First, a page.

When Slade McFarland made his first intrepid foray into senior club rugby, the game was amateur, tries were worth four points, the North Harbour union was just six years old, and the two packs dictated the scrum engagement.
Now the durable front-rower is on the verge of bringing up 200 premier games for his beloved East Coast Bays in a senior career spanning an astonishing 25 years. That is in excess of 400 trainings and countless scrums and rucks. Not bad for a 43-year-old.
Many of his teammates were not even born when he first donned the black and green of Bays against Northcote in 1991.
Bays kick off their 2016 season with a fixture in Helensville against the Western Pioneers.
McFarland will likely feature as an impact player off the bench. Then he is keen to hang up the boots and assume a technical advisor role for the latest crop of Bays front-rowers, though new Bays premier coach Mark Beale - who played First XV rugby with McFarland at Rangitoto and in many premier games for Bays - does not think he will get away with pulling the pin that easily, especially if there are injuries.
"I think its closing time now. 200 games is enough," says McFarland. "Ideally we're looking to blood other players and it'll be about the teaching aspect."
He is already doing that - he is the North Harbour scrum coach - and has done so for some time, having coached the premiers in the past, as occasional player/coach, but in 2015 he appeared in all bar one of the club's matches.
East Coast Bays will honour McFarland on May 7 after the home Windsor Park match against Massey in which he will receive his second black blazer. The first is for reaching the century. The man himself, characteristically, would rather it was all low-key, but his respect within the club is massive.
"It's been a long ride, but when you take into account he went overseas for a few years too, it's amazing," says Beale, who wears two hats in 2016, the other being that of club chairman.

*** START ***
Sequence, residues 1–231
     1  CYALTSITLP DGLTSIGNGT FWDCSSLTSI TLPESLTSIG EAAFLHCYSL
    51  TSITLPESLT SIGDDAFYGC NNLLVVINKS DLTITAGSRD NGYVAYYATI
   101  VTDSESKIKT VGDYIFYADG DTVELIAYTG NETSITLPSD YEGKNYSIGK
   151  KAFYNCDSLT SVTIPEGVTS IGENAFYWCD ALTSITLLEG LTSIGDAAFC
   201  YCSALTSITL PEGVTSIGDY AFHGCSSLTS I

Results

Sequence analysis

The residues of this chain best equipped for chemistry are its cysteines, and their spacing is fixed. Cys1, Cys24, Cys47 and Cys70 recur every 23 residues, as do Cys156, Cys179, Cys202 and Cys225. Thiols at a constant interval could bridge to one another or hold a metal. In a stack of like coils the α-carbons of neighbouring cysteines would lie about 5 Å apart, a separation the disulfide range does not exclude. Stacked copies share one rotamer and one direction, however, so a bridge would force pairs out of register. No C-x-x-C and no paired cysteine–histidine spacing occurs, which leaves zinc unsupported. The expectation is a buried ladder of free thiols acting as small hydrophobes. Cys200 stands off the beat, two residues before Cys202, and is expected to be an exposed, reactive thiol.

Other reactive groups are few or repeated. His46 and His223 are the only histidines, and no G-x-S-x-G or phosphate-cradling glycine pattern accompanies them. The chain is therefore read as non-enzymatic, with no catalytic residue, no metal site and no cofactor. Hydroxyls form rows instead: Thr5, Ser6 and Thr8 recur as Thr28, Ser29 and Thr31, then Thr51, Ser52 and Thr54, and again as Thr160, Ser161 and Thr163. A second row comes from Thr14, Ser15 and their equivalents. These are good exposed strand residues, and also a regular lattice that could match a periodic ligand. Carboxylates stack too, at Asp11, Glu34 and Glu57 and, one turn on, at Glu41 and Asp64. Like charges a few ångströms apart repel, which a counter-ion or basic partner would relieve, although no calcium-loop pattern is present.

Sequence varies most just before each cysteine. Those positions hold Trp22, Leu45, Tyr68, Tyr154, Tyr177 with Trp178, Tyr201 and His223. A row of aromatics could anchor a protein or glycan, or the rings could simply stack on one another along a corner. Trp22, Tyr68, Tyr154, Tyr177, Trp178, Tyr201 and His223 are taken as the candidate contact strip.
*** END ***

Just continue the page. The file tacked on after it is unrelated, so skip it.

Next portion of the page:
"He was the baby of the team when he first came into it. He had an outstanding career and then went into coaching and stayed involved as a player. I've lent on him heavily this year around scrums, lineouts and set-ups. He's your clubman that every club wants.
"He's a man of few words, but when he speaks, everyone shuts up. The respect he is held in around the club, the union and the country is testament to the guy. He's a giver," adds Beale.
The premiers are even naming moves after him, unheard of for a current player.
It all started in 1991, when McFarland was an 18-year-old raw bundle of power fresh out of Rangitoto College entering a world full of gnarly club veterans like Kevin Boreovich, Ron Williams and Graham Dowd. Bays coach Mark Anscombe, himself not long out of his playing days as a rugged loose forward, gave him the break.
Things went rather well that year in a Bays side packed full of experience, and they set their seal as the dominant club of the early years of North Harbour by beating Takapuna in the final for their third championship. It remains McFarland's on-field highlight of his club rugby time.
That 1991 Bays side included men of the ilk of Liam Barry, Nigel Blake, Mike Te Paa, Dave Thomas, Rob Grindlay, Nick Moen, Cliff Mytton, Allan Pollock, Bevan Murray, Teina Clarke and Bill Wigglesworth, Harbour reps all. The latter, who appeared on some 165 occasions for Bays, now works with McFarland at the North Harbour union and coaches the women's rep team. Wing Wayne Hill was still playing for Bays in 1991, one of three double centurions after flankers Ian Coley (close to 250), and Anscombe himself (220), with McFarland to join as the fourth of this exclusive club.